Stigmatize, Don’t Educate, Smokers – Intl Conference Told
Suing the Bastards Is More Effective Than Public Health Messages
WASHINGTON, D.C. (May 16, 2016): Public health campaigns and messages are ineffective in getting smokers to quit, and legal action as well as stigmatization is far more effective and efficient, the International Congress on Law and Mental Health in Vienna was told, according to a paper just being published.
The Surgeon General’s report on smoking in 1964, which triggered a major public health campaign, was unable to reduce smoking in the U.S. at all, noted public interest law professor John Banzhaf, who virtually by himself was able to cause the first drop in cigarette consumption through legal action.
He also noted that a recent plan to require large dramatic health warning pictures on cigarette packs and in cigarette ads had to be abandoned when the government was forced to admit – after spending many millions of taxpayer dollars – that there was no evidence that it would actually reduce smoking.
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In contrast, Banzhaf – who has been called “The Man Behind the Ban on Cigarette Commercials,” “The Law Professor Who Masterminded Litigation against the Tobacco Industry,” and “A Driving Force behind the Lawsuits That Have Cost Tobacco Companies Billions of Dollars” – explained how he and others were able to use legal action to ban cigarette commercials; help kill off cigarette billboards, Joe Camel, and the Tobacco Institute; force cigarette makers to raise prices to pay out over a quarter of a trillion dollars; and include a 50% surcharge on smokers under Obamacare.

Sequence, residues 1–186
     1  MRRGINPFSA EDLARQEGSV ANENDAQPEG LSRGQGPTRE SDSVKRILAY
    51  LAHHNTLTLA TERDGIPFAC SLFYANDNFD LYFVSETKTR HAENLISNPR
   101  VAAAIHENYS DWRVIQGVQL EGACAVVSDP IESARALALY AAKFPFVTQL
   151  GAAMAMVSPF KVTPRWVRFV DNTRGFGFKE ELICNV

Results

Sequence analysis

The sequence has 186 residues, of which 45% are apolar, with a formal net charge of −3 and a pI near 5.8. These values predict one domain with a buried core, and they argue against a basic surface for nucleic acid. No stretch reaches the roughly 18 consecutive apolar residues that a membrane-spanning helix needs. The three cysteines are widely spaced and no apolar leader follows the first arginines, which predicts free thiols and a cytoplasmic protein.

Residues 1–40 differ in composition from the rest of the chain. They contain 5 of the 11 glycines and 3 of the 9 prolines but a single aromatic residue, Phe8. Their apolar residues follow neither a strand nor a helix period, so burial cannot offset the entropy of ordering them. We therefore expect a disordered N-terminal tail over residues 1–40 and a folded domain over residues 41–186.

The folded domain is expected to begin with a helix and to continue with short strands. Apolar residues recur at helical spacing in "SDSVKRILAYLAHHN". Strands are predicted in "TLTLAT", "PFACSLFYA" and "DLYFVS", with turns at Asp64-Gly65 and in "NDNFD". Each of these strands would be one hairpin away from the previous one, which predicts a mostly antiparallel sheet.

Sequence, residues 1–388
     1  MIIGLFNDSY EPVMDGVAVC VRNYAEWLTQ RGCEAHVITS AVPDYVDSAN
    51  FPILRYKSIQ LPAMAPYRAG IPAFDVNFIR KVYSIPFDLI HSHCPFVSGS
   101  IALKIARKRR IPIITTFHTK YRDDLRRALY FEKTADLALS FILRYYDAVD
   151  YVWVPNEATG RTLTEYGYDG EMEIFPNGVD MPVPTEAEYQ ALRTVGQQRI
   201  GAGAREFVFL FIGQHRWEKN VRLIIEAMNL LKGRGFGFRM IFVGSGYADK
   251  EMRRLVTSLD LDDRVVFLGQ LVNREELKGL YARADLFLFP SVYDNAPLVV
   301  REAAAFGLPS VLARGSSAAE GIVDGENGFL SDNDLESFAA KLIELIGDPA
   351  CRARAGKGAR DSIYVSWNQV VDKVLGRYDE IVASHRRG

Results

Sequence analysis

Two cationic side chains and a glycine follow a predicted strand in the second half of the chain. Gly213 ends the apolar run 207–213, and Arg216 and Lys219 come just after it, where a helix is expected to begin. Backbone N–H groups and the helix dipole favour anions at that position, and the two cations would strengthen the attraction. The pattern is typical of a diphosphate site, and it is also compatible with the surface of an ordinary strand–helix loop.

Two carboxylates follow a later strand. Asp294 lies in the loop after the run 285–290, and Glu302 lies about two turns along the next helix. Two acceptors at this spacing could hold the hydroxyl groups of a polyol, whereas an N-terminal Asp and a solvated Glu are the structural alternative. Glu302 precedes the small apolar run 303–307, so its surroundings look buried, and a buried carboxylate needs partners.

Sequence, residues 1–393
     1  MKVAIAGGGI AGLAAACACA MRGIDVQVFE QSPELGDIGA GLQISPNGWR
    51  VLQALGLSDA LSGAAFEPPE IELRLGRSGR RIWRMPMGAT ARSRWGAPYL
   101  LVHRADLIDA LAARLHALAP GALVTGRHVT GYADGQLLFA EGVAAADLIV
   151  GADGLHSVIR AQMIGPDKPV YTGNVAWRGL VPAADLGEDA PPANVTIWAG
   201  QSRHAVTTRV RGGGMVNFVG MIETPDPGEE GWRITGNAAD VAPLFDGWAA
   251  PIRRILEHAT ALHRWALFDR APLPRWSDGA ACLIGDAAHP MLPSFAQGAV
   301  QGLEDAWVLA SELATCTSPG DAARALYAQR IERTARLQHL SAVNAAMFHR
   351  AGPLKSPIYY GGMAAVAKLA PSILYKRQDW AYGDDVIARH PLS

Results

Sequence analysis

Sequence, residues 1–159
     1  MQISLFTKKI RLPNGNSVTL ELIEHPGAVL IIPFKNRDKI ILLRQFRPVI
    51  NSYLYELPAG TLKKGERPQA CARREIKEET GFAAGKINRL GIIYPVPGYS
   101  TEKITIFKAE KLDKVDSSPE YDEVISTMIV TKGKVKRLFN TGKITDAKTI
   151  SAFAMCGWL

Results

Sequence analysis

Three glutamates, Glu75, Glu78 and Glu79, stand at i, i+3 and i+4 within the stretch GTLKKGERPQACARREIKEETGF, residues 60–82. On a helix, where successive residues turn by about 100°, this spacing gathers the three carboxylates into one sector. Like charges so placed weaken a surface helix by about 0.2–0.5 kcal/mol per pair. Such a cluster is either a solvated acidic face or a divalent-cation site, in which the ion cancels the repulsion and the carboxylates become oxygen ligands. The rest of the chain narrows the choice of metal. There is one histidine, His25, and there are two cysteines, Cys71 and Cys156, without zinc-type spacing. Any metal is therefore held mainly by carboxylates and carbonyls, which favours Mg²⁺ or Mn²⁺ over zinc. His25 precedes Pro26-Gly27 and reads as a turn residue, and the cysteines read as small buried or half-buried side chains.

He also explained how he started the very successful movement to ban smoking in workplaces and public places both here and abroad; a movement which has been found to be the most effective way to reduce smoking, thereby saving millions of lives and billions of dollars.
When another panelist at the conference tried to raise ethical concerns about stigmatization as a tool to fight smoking or obesity, Banzhaf noted how effective it has been in the real world.
He also argued that “shaming and stigmatizing smoking is just poetic justice; as they say, ‘Turnabout is Fair Play,’ for decades of ads seeking to link smoking to sex and sociability” – which, Banzhaf says, is the way that most children are lured into taking up this deadly habit.
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“This new way of looking at smoking,” he said, “is very effective in the real world in helping real smokers – the great majority of whom already want to quit – to do so; thereby saving millions of lives and billions of dollars. And the author is not alone here; even the U.S. Surgeon General agreed,” he noted.
Banzhaf concluded that “some smokers have said such messages make them feel like “social pariahs” – their term – someone other people shun and avoid.” But, he noted that this stigmatization “is a major factor in persuading them to quit smoking, just as the glamorous images were a major factor in persuading them as kids to take up smoking in the first place.”
JOHN F. BANZHAF III, B.S.E.E., J.D., Sc.D.
Professor of Public Interest Law
George Washington University Law School,
FAMRI Dr. William Cahan Distinguished Professor,
Fellow, World Technology Network,
Founder, Action on Smoking and Health (ASH)
2000 H Street, NW, Wash, DC 20052, USA
(202) 994-7229 // (703) 527-8418
http://banzhaf.net/ [email protected] @profbanzhaf